Thursday, August 6, 2009

Standard Etiquette for Sharing Content

Last night on #editorchat (via Twitter) we discussed content sharing. Of course the discussion was particularly relevant this week after the Washington Post/Gawker debacle. Regardless of your thoughts on the matter, I think most journalists in the industry would agree there needs to be some kind of standard for content sharing.

But setting down a list of rules that must be followed is not likely to be productive. Bloggers, who usually pride themselves in there ability to write without the confines of an editor screening their work, aren’t likely to follow some established rule book.

I suggest instead standards of etiquette. And just like some people don’t feel the need to use a napkin or refuse to rip their role into smaller bit-sized pieces, not everyone will follow these standards, but is most writers and editors did the situation would be much improved.

The standards of etiquette:

  • Any content taken from another source must be attributed to that source. (even if its only a paragraph or minor fact.)
  • If the entire story is basically a re-write of another person’s work that needs to be indicated up front. The last sentence in the first paragraph is the perfect place to insert the publication or author’s name.
  • While it is ideal to list both the original writer’s name as well as the publication, that isn’t likely to happen. For newspapers the publication should be listed, for blogs the author should be indicated (unless it is a widely known blog).
  • Somewhere in the article should be a link to the original article and it should not be hidden away in a smaller font after the last paragraph.
  • For non-media companies utilizing an article in a report or internal company note, the media source needs to be contacted and permission must be granted to distribute the article.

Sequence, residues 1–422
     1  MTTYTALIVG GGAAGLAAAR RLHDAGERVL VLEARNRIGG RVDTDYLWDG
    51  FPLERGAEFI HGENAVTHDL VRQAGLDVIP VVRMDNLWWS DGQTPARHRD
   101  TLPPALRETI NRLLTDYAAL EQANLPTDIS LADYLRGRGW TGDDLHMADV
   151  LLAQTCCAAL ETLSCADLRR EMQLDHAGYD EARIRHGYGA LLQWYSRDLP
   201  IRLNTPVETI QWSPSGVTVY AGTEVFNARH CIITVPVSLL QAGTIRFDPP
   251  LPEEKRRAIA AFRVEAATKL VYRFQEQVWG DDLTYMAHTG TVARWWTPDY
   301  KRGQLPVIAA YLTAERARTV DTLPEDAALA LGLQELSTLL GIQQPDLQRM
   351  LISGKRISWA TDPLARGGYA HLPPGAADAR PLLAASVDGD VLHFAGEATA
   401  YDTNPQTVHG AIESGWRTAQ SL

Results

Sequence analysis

• The publication taking someone else’s article needs to do its own fact checking on the article, realizing that no one is infallible and therefore a certain amount of research needs to be put into a piece, even if it just a quick rewrite.
[I had something like this happen just a few weeks ago. Thanks to an editing error, my first paragraph contained confusing information about the location of the property. Another publication picked up the article, rewrote it and then contacted me to find out what the actual location was. A simple google search or call to the company would have clarified but the writer ignored those normal paths and sent me several e-mails to make sure everything was clarified.]
  • It is irresponsible to use the phrase ‘according to reports’ unless in fact several publications have reported on this topic. Otherwise if one publication breaks news that pub needs to be referenced and the story linked to; this is the case even after several publication have rewritten that first pubs report.
  • Any publication that picks up full articles from another publication and runs it without a rewrite should indicate both the name of the original publication as well as the writer’s name.
  • It is the editor’s role to ensure standards of content sharing etiquette are adhered to. These should be clearly defined from the get-go.
Thoughts on this? What else should be included in this standard of etiquette?

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